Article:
Body Transformations in Film: Amazing and Inspiring or Dangerous? By Frankie Wallace.
Whether it’s Tom Hanks for Castaway, Zac Efron for Baywatch, or Anne Hathway for Les Miserables, the actors and actresses in Hollywood seem all-willing to go all-out to gain or lose weight and muscle for a role. After all, they want to fit the role perfectly, and their bodies are not exactly right.
As we look at these transformations, however, we have to ask ourselves: are these transformations amazing and inspiring to the audience, or can they be downright dangerous? We will examine a few of Hollywood’s amazing body transformations in a little more detail and the story behind the scenes, and then ask ourselves again: Is this a good thing?
Actors and Their Stunning Transformations
Although in our increasingly high tech world, it is possible to digitally transform an actor’s body, as was done to Brad Pitt in The Curious Case of Benjamin Button, more and more actors are willing to go all-out to fit into their roles, losing or gaining tremendous amounts of weight and making other bodily changes in the process. Let’s look at three cases in more detail.
In Courage Under Fire, Matt Damon played the role of Specialist Ilairo, a soldier who is emotionally distraught from his experiences on the battlefield who is now facing another battle: heroin addiction. To show the dramatic effects that heroin can have on the body, Damon lost 40 pounds. Even though he thought that his transformation demonstrated how committed he was to acting, and it led him to being offered his breakout role as the lead in the late 1990s film, The Rainmaker, the weight loss harmed his body. It put extreme stress on his adrenal gland, and he had to take medicine for over a year to treat the condition.
For her role as Nina, a ballerina in Black Swan who becomes completely obsessed with dance, Natalie Portman, who was already slender, shed 20 pounds. To lose that amount of weight, Portman primarily ate almonds and carrots and very little else. Additionally, she rehearsed for the role eight hours a day. Portman stated, “There were some nights that I thought I literally was going to die,” and that, for the first time in her life, she understood how a performer could get so caught up in a role that it could harm them.
To play the role of the severe insomniac machinist Trevor Reznik in the 2004 psychological thriller, The Machinist, actor Christian Bale lost over 60 pounds. In the film, he is downright skeletal in appearance. Then, in 2005, Bale played Batman in the Christopher Nolan remake of the franchise. For the role of Batman, he gained both weight and muscle. Over six months, Bale gained 100 pounds. When asked about his bodily transformations by E! News, he said that he just can’t transform himself anymore. “I feel like if I keep doing what I’ve done in the past I’m going to die. So, I’d prefer not to die,” Bale said. He also told The Sunday Times Culture magazine, “I can’t keep doing it. I really can’t. My mortality is staring at me in the face.”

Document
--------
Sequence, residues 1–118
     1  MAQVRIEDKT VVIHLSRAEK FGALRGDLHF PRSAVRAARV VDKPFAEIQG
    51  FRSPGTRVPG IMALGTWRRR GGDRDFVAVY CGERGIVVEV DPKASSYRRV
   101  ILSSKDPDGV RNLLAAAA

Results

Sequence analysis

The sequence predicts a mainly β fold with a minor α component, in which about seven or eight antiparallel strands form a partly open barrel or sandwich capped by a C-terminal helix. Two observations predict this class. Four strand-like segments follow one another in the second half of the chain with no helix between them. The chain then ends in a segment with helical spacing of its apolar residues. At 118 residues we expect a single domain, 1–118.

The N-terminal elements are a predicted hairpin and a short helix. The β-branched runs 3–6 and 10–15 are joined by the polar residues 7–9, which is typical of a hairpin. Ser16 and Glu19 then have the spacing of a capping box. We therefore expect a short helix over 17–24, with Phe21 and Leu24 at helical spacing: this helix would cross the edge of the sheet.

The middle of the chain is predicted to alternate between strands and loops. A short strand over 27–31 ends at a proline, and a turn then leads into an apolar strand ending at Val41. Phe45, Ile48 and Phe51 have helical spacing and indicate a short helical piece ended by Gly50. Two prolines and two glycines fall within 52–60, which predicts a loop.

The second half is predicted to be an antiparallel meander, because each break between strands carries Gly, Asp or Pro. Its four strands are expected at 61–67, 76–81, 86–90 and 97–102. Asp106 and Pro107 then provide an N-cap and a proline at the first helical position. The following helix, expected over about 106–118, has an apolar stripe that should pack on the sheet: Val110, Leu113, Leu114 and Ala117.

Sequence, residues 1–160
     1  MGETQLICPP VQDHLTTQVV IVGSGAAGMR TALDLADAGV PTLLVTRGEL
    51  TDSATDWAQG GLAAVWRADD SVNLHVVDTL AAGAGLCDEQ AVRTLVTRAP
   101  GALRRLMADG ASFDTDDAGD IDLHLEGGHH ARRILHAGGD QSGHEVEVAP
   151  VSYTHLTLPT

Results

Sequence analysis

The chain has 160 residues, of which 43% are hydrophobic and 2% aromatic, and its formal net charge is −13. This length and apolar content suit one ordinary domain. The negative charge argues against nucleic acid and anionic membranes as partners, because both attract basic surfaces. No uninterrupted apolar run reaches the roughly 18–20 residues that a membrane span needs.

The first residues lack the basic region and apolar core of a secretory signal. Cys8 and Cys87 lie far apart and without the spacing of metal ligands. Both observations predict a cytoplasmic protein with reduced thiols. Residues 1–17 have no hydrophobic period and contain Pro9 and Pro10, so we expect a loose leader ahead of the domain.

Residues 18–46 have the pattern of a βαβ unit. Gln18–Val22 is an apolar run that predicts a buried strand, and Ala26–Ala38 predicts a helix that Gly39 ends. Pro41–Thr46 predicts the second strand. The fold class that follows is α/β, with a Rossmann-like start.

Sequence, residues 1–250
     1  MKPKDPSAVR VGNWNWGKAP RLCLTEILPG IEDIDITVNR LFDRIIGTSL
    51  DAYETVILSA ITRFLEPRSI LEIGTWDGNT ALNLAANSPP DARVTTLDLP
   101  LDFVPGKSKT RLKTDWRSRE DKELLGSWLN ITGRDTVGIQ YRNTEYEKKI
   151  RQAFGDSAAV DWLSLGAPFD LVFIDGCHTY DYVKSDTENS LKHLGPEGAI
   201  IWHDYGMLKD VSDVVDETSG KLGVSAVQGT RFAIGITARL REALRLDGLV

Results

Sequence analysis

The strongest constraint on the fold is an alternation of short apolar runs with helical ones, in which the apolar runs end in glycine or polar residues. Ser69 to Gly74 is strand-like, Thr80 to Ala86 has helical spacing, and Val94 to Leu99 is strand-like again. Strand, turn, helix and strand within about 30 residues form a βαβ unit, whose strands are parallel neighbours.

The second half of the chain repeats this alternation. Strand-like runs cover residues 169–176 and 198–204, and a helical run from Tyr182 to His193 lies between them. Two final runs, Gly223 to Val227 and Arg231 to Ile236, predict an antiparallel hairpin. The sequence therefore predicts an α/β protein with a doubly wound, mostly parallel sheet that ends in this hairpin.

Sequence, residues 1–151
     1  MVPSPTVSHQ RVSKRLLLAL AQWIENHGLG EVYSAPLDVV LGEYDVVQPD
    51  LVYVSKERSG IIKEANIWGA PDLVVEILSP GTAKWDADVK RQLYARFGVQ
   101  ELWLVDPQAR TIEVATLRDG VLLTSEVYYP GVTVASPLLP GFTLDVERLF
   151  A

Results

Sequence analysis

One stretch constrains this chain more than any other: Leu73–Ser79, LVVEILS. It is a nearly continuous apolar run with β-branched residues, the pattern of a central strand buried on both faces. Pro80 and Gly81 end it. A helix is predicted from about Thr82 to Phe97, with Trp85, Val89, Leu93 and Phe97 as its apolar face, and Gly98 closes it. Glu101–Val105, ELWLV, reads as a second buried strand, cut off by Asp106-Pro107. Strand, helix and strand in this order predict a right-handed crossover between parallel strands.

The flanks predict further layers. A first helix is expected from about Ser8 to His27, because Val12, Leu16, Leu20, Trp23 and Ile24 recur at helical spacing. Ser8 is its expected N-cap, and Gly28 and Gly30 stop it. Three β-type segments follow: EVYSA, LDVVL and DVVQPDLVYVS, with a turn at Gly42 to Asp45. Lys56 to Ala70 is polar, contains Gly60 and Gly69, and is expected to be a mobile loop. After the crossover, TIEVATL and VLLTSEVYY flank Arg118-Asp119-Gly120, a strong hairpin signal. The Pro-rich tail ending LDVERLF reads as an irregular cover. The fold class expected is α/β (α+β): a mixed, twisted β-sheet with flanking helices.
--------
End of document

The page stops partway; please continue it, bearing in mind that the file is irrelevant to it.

The Good Side of Transformation
So, how can these actors and many others totally transform their bodies for a role? For some people, it all comes down to the 3 Big Rocks of Health. These rocks are consistency, effort, and adaptability. Entertainers who can make such transformations for a role show a great amount of all three, and by doing so, inspire others to do the same.
Some of the diets that stars use to make their transformations are even published online for others to follow. For example, Pop Workouts has published the Black Swan Workout, with the claim that anyone who follows the workout can transform their bodies to be long and lean, just like Natalie Portman in Black Swan. While that may sound inspiring, and indeed it is, the workout itself is not for the faint of heart. It involves working out “5 hours a day, 6 days a week” and involves everything from cardio to ab work to swimming.
The Bad Side
Where there is good, there is also bad, and in the case of these transformations, the bad seems to outweigh the good. Andrea N. Giancoli, a certified dietitian and spokesperson for the Academy of Nutrition and Dietetics, says that celebrities, with their constant increases and decreases in weight, are superb examples of exactly what not to do when dieting. In particular, she says that the human body doesn’t like to lose weight quickly. When dieting in such a fashion, a person loses muscle, but when they gain it back, it returns as fat.
Also, when entertainers lose a lot of weight, they are prone to want to tell the world about it, and for the wrong reasons. They are not telling people because they want to help, but because they are hoping to increase their chances for recognition. Whenever an entertainer talks about their weight loss, it becomes a trending subject on social media. What they do not realize is that eating disorders, while in some cases are influenced by biology and genetics, also have a strong social component that celebrities tend to increase. The stereotype of the perfect body as lean and strong is still very much a part of our society, and entertainers, with their stories, only propagate that image.
Actors and actresses will undoubtedly continue their extreme body transformations as they practice their art and attempt to be the best characters that they can be, and the debate will continue as to whether these transformations are amazing or dangerous. Leave it to say that, while we may continue to look at the extreme transformations of entertainers on film in awe, we should probably not try it ourselves.
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